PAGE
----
ISL and Energia Termosolar won a €112 million award against Spain after an ICSID tribunal found that Spain’s revocation of incentives for renewable energy reforms had breached the investor’s legitimate expectations for their investments in two solar power plants in Granada, southern Spain. However, that award was reduced to €101 million in damages, after the tribunal acknowledged there had been arithmetical errors.
Spain filed an annulment application resulting in ICSID granting a provisional stay. The solar investor filed its enforcement petition in the Australian and US courts, Spain, however, opposed that stay, as it wanted to use a hearing scheduled for 29 October 2019 to object to the court’s jurisdiction to enforce the award on grounds of state immunity.
The ISL case is one of many intra-EU investment arbitrations where the European Commission has intervened to contest jurisdiction on the basis of the Achmea decision.
Spain hit with another ICSID renewable energy claim
Belgian conglomerate Sapec has recently filed an ECT claim against Spain before ICSID.
The dispute relates to the state’s decision to roll back regulatory policies encouraging renewable energy projects following the 2008 global financial crisis.
In its 2013 annual report, Sapec said it opened a number of photovoltaic parks five years earlier but that the tariff legislation adopted by the Spanish government had a “very negative impact.”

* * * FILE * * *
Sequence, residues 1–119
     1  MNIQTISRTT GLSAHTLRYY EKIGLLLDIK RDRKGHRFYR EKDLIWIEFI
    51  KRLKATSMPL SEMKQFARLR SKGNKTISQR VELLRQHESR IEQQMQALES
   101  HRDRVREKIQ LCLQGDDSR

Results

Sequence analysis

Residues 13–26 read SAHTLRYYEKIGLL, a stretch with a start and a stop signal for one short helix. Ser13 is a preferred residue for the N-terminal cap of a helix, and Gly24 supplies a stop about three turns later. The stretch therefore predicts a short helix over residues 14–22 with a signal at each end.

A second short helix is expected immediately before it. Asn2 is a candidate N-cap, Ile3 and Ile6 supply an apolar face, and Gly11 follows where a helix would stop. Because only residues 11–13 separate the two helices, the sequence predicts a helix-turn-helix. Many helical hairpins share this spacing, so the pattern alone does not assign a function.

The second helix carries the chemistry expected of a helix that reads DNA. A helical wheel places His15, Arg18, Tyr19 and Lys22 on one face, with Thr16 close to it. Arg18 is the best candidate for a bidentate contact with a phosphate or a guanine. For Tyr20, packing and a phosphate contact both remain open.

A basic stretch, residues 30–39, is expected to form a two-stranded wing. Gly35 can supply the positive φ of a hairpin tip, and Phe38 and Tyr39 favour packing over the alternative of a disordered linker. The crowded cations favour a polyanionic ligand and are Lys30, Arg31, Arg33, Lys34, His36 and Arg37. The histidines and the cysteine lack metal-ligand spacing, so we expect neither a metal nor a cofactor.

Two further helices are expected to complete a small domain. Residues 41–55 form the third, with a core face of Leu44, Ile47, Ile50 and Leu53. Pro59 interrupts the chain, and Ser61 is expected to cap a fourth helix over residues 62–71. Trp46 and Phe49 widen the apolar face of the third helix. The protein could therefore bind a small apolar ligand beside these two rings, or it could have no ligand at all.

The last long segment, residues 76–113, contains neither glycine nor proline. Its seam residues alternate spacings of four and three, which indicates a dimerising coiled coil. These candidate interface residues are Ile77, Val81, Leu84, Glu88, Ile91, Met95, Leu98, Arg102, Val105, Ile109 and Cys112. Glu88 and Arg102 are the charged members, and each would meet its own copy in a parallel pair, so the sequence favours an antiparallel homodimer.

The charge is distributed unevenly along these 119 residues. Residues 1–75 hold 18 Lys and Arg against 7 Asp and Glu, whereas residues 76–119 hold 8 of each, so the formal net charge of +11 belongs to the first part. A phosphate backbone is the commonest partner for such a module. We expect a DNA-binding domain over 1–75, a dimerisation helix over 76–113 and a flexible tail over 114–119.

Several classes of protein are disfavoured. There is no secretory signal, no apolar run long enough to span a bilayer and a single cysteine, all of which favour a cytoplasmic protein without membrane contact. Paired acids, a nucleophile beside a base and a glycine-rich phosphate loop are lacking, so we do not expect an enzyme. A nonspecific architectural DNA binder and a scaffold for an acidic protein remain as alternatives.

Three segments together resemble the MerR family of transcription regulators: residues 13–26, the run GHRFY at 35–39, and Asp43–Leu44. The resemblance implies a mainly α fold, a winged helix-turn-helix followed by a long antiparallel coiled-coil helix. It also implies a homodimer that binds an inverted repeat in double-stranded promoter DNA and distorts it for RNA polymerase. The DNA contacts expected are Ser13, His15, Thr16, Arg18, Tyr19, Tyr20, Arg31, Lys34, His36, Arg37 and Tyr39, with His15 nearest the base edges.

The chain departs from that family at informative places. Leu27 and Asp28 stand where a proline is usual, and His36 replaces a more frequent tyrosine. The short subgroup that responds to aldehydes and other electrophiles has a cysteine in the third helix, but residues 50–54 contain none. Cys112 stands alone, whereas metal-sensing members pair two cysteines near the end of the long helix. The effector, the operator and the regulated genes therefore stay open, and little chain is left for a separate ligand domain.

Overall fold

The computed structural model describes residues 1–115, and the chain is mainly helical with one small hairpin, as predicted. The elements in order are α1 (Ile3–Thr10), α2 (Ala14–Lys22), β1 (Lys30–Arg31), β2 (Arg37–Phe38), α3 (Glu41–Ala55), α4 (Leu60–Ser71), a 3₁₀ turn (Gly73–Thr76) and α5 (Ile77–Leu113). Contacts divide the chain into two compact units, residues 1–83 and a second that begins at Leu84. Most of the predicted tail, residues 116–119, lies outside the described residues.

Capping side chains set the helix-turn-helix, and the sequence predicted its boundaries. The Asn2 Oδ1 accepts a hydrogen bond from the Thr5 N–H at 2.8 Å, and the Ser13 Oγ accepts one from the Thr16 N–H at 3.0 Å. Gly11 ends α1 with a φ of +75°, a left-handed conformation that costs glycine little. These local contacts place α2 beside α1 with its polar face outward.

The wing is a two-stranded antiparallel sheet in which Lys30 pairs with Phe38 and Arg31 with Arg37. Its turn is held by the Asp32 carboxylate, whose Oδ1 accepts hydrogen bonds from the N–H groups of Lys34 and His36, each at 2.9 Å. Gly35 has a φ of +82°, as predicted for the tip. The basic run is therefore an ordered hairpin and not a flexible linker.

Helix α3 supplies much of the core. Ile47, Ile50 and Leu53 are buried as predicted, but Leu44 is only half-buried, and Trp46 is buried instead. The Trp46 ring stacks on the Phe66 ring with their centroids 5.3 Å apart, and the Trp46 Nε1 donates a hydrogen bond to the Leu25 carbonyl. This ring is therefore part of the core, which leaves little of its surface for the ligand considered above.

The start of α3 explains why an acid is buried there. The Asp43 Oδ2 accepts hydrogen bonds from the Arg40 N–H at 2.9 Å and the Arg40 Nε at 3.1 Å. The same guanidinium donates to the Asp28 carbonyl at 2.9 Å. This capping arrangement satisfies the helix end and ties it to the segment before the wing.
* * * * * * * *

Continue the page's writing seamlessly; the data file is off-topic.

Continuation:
Spain held liable again in third-party funded ECT claim
An ICSID tribunal has ordered Spain to compensate UK-registered InfraRed Environmental Infrastructure, a UK subsidiary of a private equity fund manager InfraRed Capital, over the country’s reforms to its renewable energy sector.
The amount the state has been ordered to pay is unclear, but the Spanish government had disclosed that the investors were claiming over €92 million in the arbitration.
The award is the latest to be issued against Spain in the numerous investment treaty claims it has faced over its decision to roll back regulatory policies encouraging renewable energy projects following the 2008 global financial crisis.
Infrared and the other investors filed their claim in 2014, three years after InfraRed invested in two thermosolar power projects in the regions of Andalucia and Extremadura. Spain is thought to have raised a jurisdictional objection on the basis of the European Court of Justice's ruling in Achmea without success.